Casualty ‘Reap The Whirlwind: Part Two’ ~ Episode Review

Oh my days, Casualty! It’s no wonder they’re up for a BAFTA after those last two episodes, filmed so innovatively and cleverly written, too. Here are a few highlights of the tremendously sad episode from last night.

Dr Lily Chao (CRYSTAL YU) – (C) BBC – Photographer: Alistair Heap

Lily’s hit and run ~ So, we all thought that Lily was going to be the ‘casualty’ who met her doom – and it was certainly looking dicey there after her hit and run incident courtesy of Gem. So, as Lily recovers from her ordeal, there’s a cover up plan being hatched…

Gem and Iain ~ In last week’s episode Iain has lost it with Gem, hence her drinking and driving around the car park, causing Lily’s accident. Gem goes to lengths to conceal the fact that she was the driver who knocked down Iain’s potential love interest(!), however when Dylan is examining her injured eye – the truth begins to emerge. Iain, in spite of himself, offers to back Gem up and should Lily recall the incident, he plans to talk to her in order to continue with his plan. Very brotherly, Iain!

Love is in the air (again) ~ Ethan and Alicia can’t stay away from one another and their feelings spill over in this episode, culminating in the start of their relationship being sealed with a kiss, just around the same time as Cal is sticking up for his absent brother. Timing is the name of the game. Bad timing.

Ellisson Family ~ The return of the Elliosson family could only herald one thing, disaster. It just so happens that the fall out from the death of the head of the family, the blame for which is being laid at the feet of the striking doctors – has far reaching repercussions.

RIP Cal ~ We were led to believe that Lily was leaving the show in dramatic and tragic style. I don’t think audiences were prepared for the swift departure of Cal, courtesy of a stabbing from one of the Ellisson boys. Cal, in true heroic fashion was trying to prevent his brother coming to harm at the hands of his attacker, copping for a fatal stab wound in the process. The final scenes where Ethan discovers that his brother has been murdered emotive and horrific in equal measure. With the boys having lost their newly discovered mum, last year – loss has been a running theme for Ethan.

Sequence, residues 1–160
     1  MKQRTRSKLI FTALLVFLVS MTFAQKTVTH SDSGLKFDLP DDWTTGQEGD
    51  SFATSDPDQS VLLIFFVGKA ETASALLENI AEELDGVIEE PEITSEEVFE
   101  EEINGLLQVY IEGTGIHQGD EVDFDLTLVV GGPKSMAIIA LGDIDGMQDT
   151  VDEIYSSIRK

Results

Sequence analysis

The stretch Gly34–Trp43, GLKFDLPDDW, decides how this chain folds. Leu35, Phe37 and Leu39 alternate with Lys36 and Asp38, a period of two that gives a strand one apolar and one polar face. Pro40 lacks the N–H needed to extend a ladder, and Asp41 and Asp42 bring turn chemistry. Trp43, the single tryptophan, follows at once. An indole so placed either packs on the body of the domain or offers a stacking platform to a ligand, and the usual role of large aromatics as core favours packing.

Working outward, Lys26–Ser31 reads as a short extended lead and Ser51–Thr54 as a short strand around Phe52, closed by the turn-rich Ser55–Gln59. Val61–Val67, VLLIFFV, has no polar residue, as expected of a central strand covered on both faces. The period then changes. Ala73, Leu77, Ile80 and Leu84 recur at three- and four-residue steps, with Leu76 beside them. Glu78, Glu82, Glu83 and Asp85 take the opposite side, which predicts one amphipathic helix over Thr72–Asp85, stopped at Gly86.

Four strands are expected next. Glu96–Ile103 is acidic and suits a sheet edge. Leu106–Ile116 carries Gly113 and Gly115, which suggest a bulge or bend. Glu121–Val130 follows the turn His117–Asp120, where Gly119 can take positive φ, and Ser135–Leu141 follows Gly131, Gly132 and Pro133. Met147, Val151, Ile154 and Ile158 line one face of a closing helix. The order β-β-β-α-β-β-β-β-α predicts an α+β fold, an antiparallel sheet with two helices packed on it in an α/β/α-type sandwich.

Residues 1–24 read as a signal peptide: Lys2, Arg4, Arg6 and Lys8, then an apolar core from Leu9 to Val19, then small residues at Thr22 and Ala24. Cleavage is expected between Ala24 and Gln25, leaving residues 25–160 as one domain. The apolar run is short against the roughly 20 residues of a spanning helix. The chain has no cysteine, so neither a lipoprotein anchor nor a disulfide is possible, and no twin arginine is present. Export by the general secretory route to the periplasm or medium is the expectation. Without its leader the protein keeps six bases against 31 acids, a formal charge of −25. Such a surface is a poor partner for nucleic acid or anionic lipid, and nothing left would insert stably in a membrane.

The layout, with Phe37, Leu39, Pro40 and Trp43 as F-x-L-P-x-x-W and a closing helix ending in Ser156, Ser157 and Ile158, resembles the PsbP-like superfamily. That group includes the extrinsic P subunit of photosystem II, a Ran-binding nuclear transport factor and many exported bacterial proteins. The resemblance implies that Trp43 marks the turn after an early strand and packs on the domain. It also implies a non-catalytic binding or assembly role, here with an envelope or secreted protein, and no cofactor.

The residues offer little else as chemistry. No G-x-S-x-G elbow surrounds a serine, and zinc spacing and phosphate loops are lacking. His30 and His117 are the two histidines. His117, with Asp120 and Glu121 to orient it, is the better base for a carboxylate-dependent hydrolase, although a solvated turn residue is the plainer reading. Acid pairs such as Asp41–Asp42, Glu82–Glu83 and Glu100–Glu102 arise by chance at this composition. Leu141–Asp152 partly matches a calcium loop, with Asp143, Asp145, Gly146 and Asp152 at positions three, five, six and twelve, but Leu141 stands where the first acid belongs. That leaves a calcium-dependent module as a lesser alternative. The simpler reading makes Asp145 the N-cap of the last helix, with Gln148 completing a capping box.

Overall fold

Caleb Knight Richard Winsor
Ethan Hardy George Rainsford
Alicia Munroe Chelsea Halfpenny
Lily Chao Crystal Yu
Iain Dean Michael Stevenson
Jez Andrews Lloyd Everitt
Connie Beauchamp Amanda Mealing
Dylan Keogh William Beck
Lisa ‘Duffy’ Duffin Cathy Shipton
Charlie Fairhead Derek Thompson
David Hide Jason Durr
Elle Gardner Jaye Griffiths
Jacob Masters Charles Venn
Louise Tyler Azuka Oforka
Max Walker Jamie Davis
Noel Garcia Tony Marshall
Gemma Dean Rebecca Ryan
Sam Strachan Tom Chambers
Denise Ellison Lucy Benjamin
Scott Eillisson Will Austin
Mickey Ellisson Mitch Hewer
Susan Beckett Susie Amy
Writer Dominique Moloney
Director Steve Brett
Producer Dafydd Llewelyn

Neighbours Ramsay Street Round-Up – Week Commencing 24 April 2017

Ramsay Street has never shied away from running several storylines simultaneously and this week has been no exception! Here are some highlights!

David’s dilemma ~ David came out to his brother recently – yay! So he’s now trying to get to grips with his newly found openness. This has involved David making his feelings for Aaron abundantly clear and ensuing confusion. Fascinating that David has been able to confide in Paul, though – it seems that their father and son relationship is developing.

Mark to the ‘rescue’ ~ What is it with Mark and pregnant women? Obviously he had a vested interest when Sonya was expecting, but now he’s all over Paige like a protective partner. I’m afraid I had a snigger when he was lying on yet another bed with a woman he’s not actually involved with. Oh Mark!

Ben’s choice ~ Karl is still struggling with Ben’s change of heart, it’s obvious that a part of Dr K still wishes that Ben was following him into medicine instead. Whereas Susan would rather that her grandson had stayed at school. They’re gearing up to catch him when he falls, but will he?

Elly and Finn ~ Elly and Finn have rapidly become close again and they ultimately wind up in bed together, However, Finn’s perusal of Elly might not be wholly romantically driven. It seems that the new Deputy position at school is where his interest lies and he’s soon going behind backs to get what he wants, including ‘telling’ on Susan! This will not end well! He’s also creeping around Xanthe…

Terese and Brooke ~ Terese finally caves in and offers Brooke a job at the Spa. She is then devastated to discover that Brooke invented ‘the ladybird’. So, what’s the solution to feeling threatened by your new partner’s ex? Set him up with Paul Robinson of course… interesting consequences!

A link to the cast is below:




Spotlight On… Star of Mamma Mia, Lucy May Barker

Mamma Mia is currently on UK tour, click here for details and to book tickets: Mamma Mia UK Tour